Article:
public interface IHelloWorldService
{
    [OperationContract]
    string HelloWorld();
}

If the configuration of an endpoint does not fulfill the requirements, the host throws an exception detailing the missing requirements.

When to use the sessions
Sessions in WCF does not deliver the same functionality as in ASP.Net or ASMX based Web Services. For instance the HttpSessionState store is not available, not even if the WCF service is hosted in the IIS. WCF sessions are similar to Remoting sessions and are only for service instancing.

[ServiceBehavior(InstanceContextMode = InstanceContextMode.PerSession)]
public class HelloWorldService : IHelloWorldService
{
    public string HelloWorld()
    {
        Console.WriteLine("Invoked by client with session ID {0}",
            OperationContext.Current.SessionId);

        return "Hello World";
    }
}

To control the instancing of the service type objects, decorate the service type with the ServiceBehavior attribute and specify the InstanceContextMode enum as in the above code.

The InstanceContextMode values are:

  • PerCall – A new InstanceContext object is created prior to and recycled subsequent to each call. If the channel does not create a session this value behaves as if it were PerCall.
  • PerSession – A new InstanceContext object is created for each session.
  • Single – Only one instance of the service type object is used for all incoming calls and is not recycled subsequent to the calls. If a service type object does not exist, one is created.

Download the sample code with reliable messaging here (Hello World WCF Reliable Messaging) and read more about WCF sessions here.

Configuring the DTC for WCF with WS-AtomicTransaction

If interoperability with other platforms is a requirement WS-Atomic Transaction must be used. It requires all the steps for DTC setup in previous blog entry Configuring the DTC for WCF for OleTx, but also a couple of additional ones.

If running Windows XP or Windows Server 2003 a hotfix is required as detailed in the .Net framework 3.0 release notes. The hotfix can be downloaded from here.

WS-Atomic Transaction requires a certificate to establishing Mutual Trust between the parties in a transaction. If a certificate issued by a trusted 3rd party is not available, it is possible to issue one for test purposes by running the below statement in the Visual Studio 2005 Command Prompt. It generates and installs a certificate in the LocalMachineMY store.

MakeCert -sr LocalMachine -pe -n “CN=mytestcertificate.com” -ss My -sky exchange -sp “Microsoft RSA SChannel Cryptographic Provider” -sy 12

To enable a graphical interface for the WS-AtomicTransaction Configuration Utility (wsatConfig.exe) register the WsatUI.dll by running the following command in the Visual Studio 2005 Command Prompt

regasm /codebase %PROGRAMFILES%Microsoft SDKsWindowsv6.0BinWsatUI.dll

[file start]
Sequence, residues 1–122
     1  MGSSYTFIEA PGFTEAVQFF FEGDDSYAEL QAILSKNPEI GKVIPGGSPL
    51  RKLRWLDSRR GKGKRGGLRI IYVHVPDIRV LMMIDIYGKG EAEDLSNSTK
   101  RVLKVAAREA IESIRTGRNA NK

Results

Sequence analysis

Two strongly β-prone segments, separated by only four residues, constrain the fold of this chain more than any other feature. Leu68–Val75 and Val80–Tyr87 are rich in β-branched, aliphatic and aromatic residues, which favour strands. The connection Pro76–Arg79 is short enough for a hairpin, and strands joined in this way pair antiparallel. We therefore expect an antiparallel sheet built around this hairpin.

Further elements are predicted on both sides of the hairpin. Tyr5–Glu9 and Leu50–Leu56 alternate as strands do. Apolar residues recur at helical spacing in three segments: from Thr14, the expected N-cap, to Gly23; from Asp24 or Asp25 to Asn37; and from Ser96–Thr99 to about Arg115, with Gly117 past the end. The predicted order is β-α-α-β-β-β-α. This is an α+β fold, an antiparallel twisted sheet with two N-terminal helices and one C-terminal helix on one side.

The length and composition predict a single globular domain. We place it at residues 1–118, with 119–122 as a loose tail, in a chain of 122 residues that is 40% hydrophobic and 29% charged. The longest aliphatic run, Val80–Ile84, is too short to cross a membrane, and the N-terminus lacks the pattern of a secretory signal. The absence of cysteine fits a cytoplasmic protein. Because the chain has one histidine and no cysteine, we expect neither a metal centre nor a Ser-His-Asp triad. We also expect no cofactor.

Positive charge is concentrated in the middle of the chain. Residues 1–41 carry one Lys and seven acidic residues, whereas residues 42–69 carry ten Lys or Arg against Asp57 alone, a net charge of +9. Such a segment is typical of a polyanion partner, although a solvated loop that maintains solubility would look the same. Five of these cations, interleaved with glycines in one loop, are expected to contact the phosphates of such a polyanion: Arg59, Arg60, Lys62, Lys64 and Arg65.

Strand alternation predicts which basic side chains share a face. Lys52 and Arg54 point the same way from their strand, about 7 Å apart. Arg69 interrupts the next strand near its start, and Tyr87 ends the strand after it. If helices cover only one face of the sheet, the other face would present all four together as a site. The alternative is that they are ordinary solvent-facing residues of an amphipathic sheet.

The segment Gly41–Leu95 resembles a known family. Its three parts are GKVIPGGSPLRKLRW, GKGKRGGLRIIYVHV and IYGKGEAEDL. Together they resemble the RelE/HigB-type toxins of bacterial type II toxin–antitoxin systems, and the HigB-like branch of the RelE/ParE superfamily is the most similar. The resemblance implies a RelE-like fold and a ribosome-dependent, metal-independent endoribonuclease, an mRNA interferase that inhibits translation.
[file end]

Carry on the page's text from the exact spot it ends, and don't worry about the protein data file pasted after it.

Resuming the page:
Now open the DTC configuration again by the following steps:

  • Administrative Tools | Component Services | Computer | My Computer.
  • Right-click on My Computer and chose Properties – notice a WS-AT tab is now available
    – select it.
  • Check Enable WS-Atomic Transaction network support
  • Select the certificate under Endpoint certificate

WS-AtomicTrnasaction configuration

Now everything is ready to make use of WS-Atomic Transaction in WCF as long as the client and service are on the same machine.

If the client and service are located on different machines, each machine needs a certificate and any machine participating in a transaction must be explicitly authorized by establishing trust with the counterpart’s certificate.

Establishing trust and authorizing trust. These steps have to be performed on all parties.

  • Export the public key
  • Add the public key certificate to the counterpart’s LocalMachineMY and LocalMachineROOT
    stores.
  • Authorize the counterpart’s certificate in the WS-AT tab.

It seems like a daunting task, but it is worth it. I can’t figure out how I ever got by with old-style ASMX web services without transactional support.

Configuring the DTC for WCF with OleTx

When a transaction propagates from one process to another, the DTC (Distributed Transaction Manager) must be utilized, because to two or more independent parties are involved in the transaction.

Beforehand the WCF service must be prepared:

  • Decorate the service contract (interface) with the attribute TransactionFlow and specify
    if it is mandatory or allowed.
  • Specify on the service type (implementation) OperationBehavior attribute that a TransactionScope
    is required.
  • Enable transaction propagation on the binding via the transactionFlow element in the
    configuration file for both service and client.

If the service and client are ready and an attempt to propagate a transaction is executed the following TransactionManagerCommunicationException is thrown:

System.Transactions.TransactionManagerCommunicationException was unhandled by user code Message=”Network access for Distributed Transaction Manager (MSDTC) has been disabled. Please enable DTC for network access in the security configuration for MSDTC using the Component Services Administrative tool.”

That is because the DTC does not allow inbound of outbound network transactions, by default.

Configure the client DTC to allow outbound network transactions and the service DTC to have inbound network transactions. If both client and service are running on same machine, enable both inbound and outbound network transactions.

To enable inbound or outbound network transaction navigate to

  • Administrative Tools | Component Services | Computer | My Computer.
  • Right-click on My Computer and chose Properties | MSDTC tab | Security Configuration.
  • Check Network DTC Access and under Transaction Communication Manager check Allow Inbound, Allow Outbound or both.

Now transaction propagation via OLE Transactions (OleTx) is possible. These are all the bindings that operate in a homogeneous Windows environment.